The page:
Friday, March 30, 2007

Which is worse: When outrages take place, or when they no longer surprise you?

There is an insidious abuse of troops taking place in the shadows, and it needs to be exposed to strong overhead light.

It is the use of the 5-13 discharge to cull injured troops from service and deny them future benefits through the VA. A 5-13 is a psych discharge. It brands the veteran as having a personality disorder, an Axis II disorder in the Diagnostic and Statistical Manual of the American Psychological Association. Personality disorders are deemed pre-existing conditions, and therefore the military is absolved of all future responsibility to those veterans.

Take the story of Specialist Jon Town, reported by Joshua Kors in the April 9 issue of The Nation.

Jon Town has spent the last few years fighting two battles, one against his body, the other against the US Army. Both began in October 2004 in Ramadi, Iraq. He was standing in the doorway of his battalion's headquarters when a 107-millimeter rocket struck two feet above his head. The impact punched a piano-sized hole in the concrete facade, sparked a huge fireball and tossed the 25-year-old Army specialist to the floor, where he lay blacked out among the rubble.

"The next thing I remember is waking up on the ground." Men from his unit had gathered around his body and were screaming his name. "They started shaking me. But I was numb all over," he says. "And it's weird because... because for a few minutes you feel like you're not really there. I could see them, but I couldn't hear them. I couldn't hear anything. I started shaking because I thought I was dead."

Eventually the rocket shrapnel was removed from Town's neck and his ears stopped leaking blood. But his hearing never really recovered, and in many ways, neither has his life. A soldier honored twelve times during his seven years in uniform, Town has spent the last three struggling with deafness, memory failure and depression. By September 2006 he and the Army agreed he was no longer combat-ready.

But instead of sending Town to a medical board and discharging him because of his injuries, doctors at Fort Carson, Colorado, did something strange: They claimed Town's wounds were actually caused by a "personality disorder." Town was then booted from the Army and told that under a personality disorder discharge, he would never receive disability or medical benefits.

Town is not alone. A six-month investigation has uncovered multiple cases in which soldiers wounded in Iraq are suspiciously diagnosed as having a personality disorder, then prevented from collecting benefits. The conditions of their discharge have infuriated many in the military community, including the injured soldiers and their families, veterans' rights groups, even military officials required to process these dismissals.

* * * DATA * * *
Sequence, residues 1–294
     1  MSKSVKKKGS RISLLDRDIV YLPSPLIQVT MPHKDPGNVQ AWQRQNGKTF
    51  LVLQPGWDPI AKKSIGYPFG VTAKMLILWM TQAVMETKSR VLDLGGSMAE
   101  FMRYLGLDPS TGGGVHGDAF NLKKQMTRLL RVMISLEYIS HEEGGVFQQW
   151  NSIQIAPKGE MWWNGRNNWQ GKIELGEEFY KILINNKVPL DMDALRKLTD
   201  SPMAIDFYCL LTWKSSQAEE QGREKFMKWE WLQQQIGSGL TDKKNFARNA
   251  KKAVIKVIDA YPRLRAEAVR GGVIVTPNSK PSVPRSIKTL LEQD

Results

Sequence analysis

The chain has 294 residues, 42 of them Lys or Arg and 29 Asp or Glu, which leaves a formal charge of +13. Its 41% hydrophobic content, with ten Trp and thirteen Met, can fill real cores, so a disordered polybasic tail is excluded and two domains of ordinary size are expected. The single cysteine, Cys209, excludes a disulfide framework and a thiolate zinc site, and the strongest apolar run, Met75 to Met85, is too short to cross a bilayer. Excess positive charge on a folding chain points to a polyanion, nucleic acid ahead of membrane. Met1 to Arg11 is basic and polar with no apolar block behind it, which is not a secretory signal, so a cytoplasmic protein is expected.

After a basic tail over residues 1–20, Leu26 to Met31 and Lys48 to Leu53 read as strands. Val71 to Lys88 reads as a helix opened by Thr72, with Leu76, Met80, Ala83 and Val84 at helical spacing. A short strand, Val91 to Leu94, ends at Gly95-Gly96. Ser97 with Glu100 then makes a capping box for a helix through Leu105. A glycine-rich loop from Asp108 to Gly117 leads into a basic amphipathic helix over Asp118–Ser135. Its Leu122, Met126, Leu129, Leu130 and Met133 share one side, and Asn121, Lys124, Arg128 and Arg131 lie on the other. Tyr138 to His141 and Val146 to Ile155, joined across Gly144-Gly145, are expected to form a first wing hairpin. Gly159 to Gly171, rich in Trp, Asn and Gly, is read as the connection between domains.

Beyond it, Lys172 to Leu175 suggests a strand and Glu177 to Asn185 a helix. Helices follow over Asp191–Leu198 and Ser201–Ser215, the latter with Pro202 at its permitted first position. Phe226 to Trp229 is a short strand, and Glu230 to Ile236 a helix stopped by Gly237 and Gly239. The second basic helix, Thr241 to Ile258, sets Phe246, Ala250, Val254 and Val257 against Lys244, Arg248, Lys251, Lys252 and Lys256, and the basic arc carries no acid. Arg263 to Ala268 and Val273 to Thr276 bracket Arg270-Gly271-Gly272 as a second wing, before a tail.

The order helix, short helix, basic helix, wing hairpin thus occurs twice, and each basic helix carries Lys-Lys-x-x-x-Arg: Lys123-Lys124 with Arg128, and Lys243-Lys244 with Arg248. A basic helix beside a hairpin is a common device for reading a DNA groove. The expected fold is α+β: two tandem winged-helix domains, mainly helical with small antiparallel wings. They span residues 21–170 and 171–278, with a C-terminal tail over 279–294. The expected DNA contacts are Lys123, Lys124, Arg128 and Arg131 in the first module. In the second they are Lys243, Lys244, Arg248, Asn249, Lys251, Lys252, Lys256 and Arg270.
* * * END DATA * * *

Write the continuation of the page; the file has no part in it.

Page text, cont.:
The number of 5-13’s coming down has ballooned. It has reached the point where they would have us believe that the Army took an entire Division of hinky, psychologically damaged troops in recent years. Even with the number of waivers that have been issued to meet recruiting quotas (17%) that stretches credulity.

Not surprisingly, Fort Carson is at the vanguard of soldier abuse and neglect. Again. For cryin’ out loud, can we get an IG on-post please? Preferably a hardass. I mean, what the hell is it going to take? You hear a tale of soldiers being abused by the system, you won’t have to listen long before you hear “Fort Carson” in that conversation. And this scandal is no exception. The command culture there once again sets the bar for fecklessness and mendacity as low as it has ever been.

Inspector General.

Fort Carson.


Got that?


Now that we have settled that, let’s talk about Feres v U.S., the 1950 Supreme Court decision that protected military medical professionals from civil suit. Because of this ruling, there is no recourse of accountability for mental health professionals who mislead vulnerable and compromised troops.

Who will be the courageous congressperson who will sponsor the legislation that gives the troops the right to seek civil remedy for professional malfeasance at the hands of military health professionals?

In the meantime, since legislation moves slowly, Senator Bond needs to move forward with his threat and launch a congressional investigation into the abuse of 5-13 discharges to avoid fulfilling responsibilities to wounded and damaged troops. And every single 5-13 discharge that has been processed in the last four years should be thoroughly reviewed, and those found to have been misdiagnosed should have their benefits restored, retroactively.

We have 535 elected officials. Will just one stand up for what is right here?

[Originally posted at Watching Those We Chose.]


Apollo 13 said...

I want to know who devised this little scheme to dump vets on their ass? WTF is going on at Fort Carson?! You are right to call for an IG to look into this disgusting abuse of war vets. I will be watching to see who in Congress takes this matter up. Thanks for the heads up.

exMI said...

Fort Carson does seem to be leading the way on treating soldiers like shit. Makes me doubly glad I was never there.

Three Score and Ten or more said...

It is always nice to be able to agree with Blue Girl. Not often, but nice, and 100 percent in agreement.